Below is an article by Avirook Sen, author of Aarushi, from Sify.com archives. For full coverage of Avirook Sen's reports on the trial, click HERE.In the absence of any hard evidence against Dr Rajesh and Nupur Talwar, the CBI has tried to build its case in the Aarushi-Hemraj murders around two propositions:
a) No one but the Talwars could have done it.
b) Since Aarushi's parents were in the house on the night of the murders, the burden was on them to prove they didn't commit the crimes.
In the last stages of his final arguments for the defence, the dentist couple's counsel Tanveer Ahmed Mir, placed a compelling set of evidence before the court to suggest that there were other people in the house on the night of the murders.
That someone else could indeed have committed the crimes. And that all of this is evident from the CBI's submissions and the testimony of its witnesses.
The CBI's case is that Rajesh Talwar took swigs from a bottle of Ballantines Finest just after the murders, leaving traces of Hemraj's blood on the bottle, but no fingerprints.
But these weren't the only bottles found in the house that night with their contents partially consumed. In Hemraj's room, the police found a bottle of wine, two bottles of beer and a bottle of sprite. Again, traces of Hemraj's blood, but no prints matching the Talwars.
The CBI theorises Dr Talwar drank the whiskey. Who then consumed the rest of the liquor? Hemraj was a teetotaller.
One of the CBI's 'key' witnesses, the former NOIDA cop K.K Gautam, had told investigators that he concluded upon inspecting Hemraj's room that telltale signs of three or four people having been there were everywhere: even the toilet appeared to have been used by multiple people.
How did all these people enter the house without the Talwar's knowing? A sound simulation test conducted in the premises by a team of scientists came to the conclusion that with the ac on, and the door locked, practically nothing--including the sound of the main door being opened or shut; or footsteps around the house--could be heard from the Talwars' bedroom.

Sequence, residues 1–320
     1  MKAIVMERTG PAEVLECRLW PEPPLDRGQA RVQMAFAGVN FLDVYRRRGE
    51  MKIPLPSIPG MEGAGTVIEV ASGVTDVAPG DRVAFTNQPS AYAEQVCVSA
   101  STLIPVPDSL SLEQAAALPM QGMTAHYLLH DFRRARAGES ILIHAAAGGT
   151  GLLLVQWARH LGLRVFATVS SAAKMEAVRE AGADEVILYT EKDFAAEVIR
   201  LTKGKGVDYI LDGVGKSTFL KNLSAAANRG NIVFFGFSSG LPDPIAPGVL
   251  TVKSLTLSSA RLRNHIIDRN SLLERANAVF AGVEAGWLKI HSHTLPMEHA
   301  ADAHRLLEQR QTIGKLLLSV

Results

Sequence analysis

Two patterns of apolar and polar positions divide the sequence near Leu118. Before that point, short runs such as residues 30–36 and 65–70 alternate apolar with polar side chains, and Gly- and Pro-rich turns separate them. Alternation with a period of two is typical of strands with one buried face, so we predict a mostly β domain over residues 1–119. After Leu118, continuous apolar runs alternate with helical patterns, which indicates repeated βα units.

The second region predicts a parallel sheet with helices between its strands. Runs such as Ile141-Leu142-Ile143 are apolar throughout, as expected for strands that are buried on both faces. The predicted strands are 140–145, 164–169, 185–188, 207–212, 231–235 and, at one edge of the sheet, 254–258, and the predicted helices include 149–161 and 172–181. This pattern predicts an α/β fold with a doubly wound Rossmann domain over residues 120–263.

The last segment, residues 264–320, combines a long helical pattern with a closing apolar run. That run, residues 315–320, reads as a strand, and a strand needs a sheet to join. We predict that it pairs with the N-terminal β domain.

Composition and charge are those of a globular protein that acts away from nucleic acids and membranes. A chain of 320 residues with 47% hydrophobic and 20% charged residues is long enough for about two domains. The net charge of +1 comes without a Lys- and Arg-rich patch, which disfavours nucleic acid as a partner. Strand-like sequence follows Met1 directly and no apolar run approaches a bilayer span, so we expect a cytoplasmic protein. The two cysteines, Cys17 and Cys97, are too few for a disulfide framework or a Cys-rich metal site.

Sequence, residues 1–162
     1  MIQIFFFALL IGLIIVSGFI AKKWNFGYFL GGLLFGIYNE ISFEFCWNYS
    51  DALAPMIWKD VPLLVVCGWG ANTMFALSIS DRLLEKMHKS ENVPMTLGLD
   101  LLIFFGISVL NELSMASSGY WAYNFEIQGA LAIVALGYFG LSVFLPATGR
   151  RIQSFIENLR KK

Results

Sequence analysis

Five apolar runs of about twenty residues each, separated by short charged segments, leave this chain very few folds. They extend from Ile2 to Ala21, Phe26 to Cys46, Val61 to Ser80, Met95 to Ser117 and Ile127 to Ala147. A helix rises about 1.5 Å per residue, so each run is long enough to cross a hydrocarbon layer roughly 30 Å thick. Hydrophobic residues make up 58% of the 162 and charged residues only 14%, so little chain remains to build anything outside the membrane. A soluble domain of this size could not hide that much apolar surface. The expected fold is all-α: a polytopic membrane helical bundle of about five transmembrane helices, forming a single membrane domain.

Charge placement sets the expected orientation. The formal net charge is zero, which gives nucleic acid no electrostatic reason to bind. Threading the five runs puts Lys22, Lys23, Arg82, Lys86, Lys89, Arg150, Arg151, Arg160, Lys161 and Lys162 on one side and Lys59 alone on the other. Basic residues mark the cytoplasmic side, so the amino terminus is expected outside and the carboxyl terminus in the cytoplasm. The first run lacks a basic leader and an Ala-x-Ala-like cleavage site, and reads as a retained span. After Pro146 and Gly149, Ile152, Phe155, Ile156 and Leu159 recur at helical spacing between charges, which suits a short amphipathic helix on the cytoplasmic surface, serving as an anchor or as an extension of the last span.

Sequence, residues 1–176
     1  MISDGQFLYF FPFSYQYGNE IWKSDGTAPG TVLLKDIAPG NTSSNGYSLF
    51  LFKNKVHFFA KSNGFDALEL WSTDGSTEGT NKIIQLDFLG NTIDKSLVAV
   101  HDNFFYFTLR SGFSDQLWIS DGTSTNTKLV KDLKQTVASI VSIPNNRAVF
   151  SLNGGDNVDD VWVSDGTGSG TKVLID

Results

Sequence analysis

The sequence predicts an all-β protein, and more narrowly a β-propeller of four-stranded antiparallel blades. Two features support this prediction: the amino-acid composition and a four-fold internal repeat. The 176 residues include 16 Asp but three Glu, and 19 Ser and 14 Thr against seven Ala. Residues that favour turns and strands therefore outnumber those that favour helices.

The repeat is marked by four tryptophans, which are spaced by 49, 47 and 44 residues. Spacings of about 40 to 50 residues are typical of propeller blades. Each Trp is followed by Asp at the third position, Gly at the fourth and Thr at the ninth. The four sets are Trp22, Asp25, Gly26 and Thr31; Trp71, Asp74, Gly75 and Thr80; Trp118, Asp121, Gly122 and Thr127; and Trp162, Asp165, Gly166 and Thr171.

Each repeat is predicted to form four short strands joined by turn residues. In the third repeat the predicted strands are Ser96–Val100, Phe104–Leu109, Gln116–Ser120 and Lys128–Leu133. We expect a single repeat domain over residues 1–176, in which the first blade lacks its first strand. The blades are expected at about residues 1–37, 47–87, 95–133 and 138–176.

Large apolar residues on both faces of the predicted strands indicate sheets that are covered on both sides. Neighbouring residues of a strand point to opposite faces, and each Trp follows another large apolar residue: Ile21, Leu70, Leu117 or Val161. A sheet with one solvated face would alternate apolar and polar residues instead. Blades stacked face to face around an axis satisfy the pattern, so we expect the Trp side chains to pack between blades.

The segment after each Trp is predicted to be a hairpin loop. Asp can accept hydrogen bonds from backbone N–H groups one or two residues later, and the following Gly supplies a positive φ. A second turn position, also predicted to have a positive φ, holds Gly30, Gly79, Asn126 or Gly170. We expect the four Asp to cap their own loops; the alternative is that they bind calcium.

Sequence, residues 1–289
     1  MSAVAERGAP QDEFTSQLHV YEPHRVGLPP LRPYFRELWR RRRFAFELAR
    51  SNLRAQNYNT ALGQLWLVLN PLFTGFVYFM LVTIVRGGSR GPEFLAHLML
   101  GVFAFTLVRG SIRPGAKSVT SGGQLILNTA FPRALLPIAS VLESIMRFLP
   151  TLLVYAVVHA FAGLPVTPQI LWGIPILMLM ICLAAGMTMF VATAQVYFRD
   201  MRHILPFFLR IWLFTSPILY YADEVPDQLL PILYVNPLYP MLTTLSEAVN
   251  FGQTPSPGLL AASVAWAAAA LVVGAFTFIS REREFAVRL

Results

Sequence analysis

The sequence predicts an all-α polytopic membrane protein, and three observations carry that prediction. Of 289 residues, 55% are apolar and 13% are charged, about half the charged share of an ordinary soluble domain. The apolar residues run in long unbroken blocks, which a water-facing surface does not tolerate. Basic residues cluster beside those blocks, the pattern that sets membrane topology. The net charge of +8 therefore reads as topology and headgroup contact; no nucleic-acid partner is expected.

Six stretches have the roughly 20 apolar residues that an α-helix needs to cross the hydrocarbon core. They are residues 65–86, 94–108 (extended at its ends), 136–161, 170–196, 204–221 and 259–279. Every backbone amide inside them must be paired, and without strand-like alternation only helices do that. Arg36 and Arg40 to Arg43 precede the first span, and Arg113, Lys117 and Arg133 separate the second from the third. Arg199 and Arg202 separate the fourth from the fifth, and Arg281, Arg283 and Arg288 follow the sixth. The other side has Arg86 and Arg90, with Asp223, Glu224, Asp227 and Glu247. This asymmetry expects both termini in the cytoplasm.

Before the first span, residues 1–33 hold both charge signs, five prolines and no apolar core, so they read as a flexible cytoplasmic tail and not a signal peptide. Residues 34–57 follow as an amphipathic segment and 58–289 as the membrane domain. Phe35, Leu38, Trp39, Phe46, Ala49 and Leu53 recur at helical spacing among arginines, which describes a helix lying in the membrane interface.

It is plausible, even by the CBI's own evidence, that there were others in the flat that night, said Mir. It couldn't just treat this as a 'no one else could have done it scenario'.
Was the golf club the only possible weapon? The answer to that, too, is no. Post mortem doctors appearing for the CBI have said the fatal blunt weapon wounds may have been caused by a khukri. Nowhere has the CBI said the khukri "wasn't" the weapon. It has only speculated that a golf club was: the golf club in question was never sent to the post-mortem doctors. The chief investigating officer, A.G.L. Kaul, played doctor himself. The khukri, however was sent for examination.
The reason is clear from the CBI's own records. In applications to court to extend the suspect Krishna's remand, the agency had shown a court disclosures by Krishna admitting his guilt. (This is before any narco/polygraph tests were done on him). CBI investigating officers admitted to the trial court that they were aware of the disclosures, adding that they could not, however, rely on them.
How much more convenient to shift the burden on to the Talwars. As in, almost comically: we needn't provide any evidence, nor prove anything. You prove you didn't "look suspicious". You prove that you didn't clean up the crime scene. You prove that it wasn't the golf club.
It appears to be the CBI's mission in this case to make up the stories, and then ask the Talwars to disprove a their theory. They have alluded to a point of law that apparently allows this, but as usual, this is being done to mislead. In the specific case of dowry death, the accused is presumed guilty. This isn't a dowry death. What it requires is a plausible alternative scenarios.
So what do we have here? Fairly solid proof of others being in the house. At least two possible weapons of offence - either khukri or golf club. The prosecution, wittingly (often otherwise) has said all of this through the course of the trial, adding "but the Talwars did it".
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Avirook Sen has been a journalist and writer for over 20 years. A former resident editor of Hindustan Times (Mumbai) and editor of Mid-Day, he has written with passion and insight on subjects as varied as sport and terrorism for top publications across the world. His first book, Looking for America, was published in 2010 to enthusiastic reviews. You can write to him at email@example.com